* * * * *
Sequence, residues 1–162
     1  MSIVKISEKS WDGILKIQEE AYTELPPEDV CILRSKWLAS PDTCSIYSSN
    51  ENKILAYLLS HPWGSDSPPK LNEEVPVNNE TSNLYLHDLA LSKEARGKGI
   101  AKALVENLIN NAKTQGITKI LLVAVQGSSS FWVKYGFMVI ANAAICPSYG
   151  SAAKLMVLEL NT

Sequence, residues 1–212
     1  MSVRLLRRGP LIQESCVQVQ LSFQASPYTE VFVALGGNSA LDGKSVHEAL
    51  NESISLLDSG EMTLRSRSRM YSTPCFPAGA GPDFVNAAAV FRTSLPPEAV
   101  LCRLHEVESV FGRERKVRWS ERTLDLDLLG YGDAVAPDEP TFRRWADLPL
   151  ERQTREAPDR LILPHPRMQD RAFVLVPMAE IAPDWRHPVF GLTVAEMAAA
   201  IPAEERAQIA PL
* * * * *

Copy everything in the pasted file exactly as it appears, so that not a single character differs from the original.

Sequence, residues 1–162
     1  MSIVKISEKS WDGILKIQEE AYTELPPEDV CILRSKWLAS PDTCSIYSSN
    51  ENKILAYLLS HPWGSDSPPK LNEEVPVNNE TSNLYLHDLA LSKEARGKGI
   101  AKALVENLIN NAKTQGITKI LLVAVQGSSS FWVKYGFMVI ANAAICPSYG
   151  SAAKLMVLEL NT

Sequence, residues 1–212
     1  MSVRLLRRGP LIQESCVQVQ LSFQASPYTE VFVALGGNSA LDGKSVHEAL
    51  NESISLLDSG EMTLRSRSRM YSTPCFPAGA GPDFVNAAAV FRTSLPPEAV
   101  LCRLHEVESV FGRERKVRWS ERTLDLDLLG YGDAVAPDEP TFRRWADLPL
   151  ERQTREAPDR LILPHPRMQD RAFVLVPMAE IAPDWRHPVF GLTVAEMAAA
   201  IPAEERAQIA PL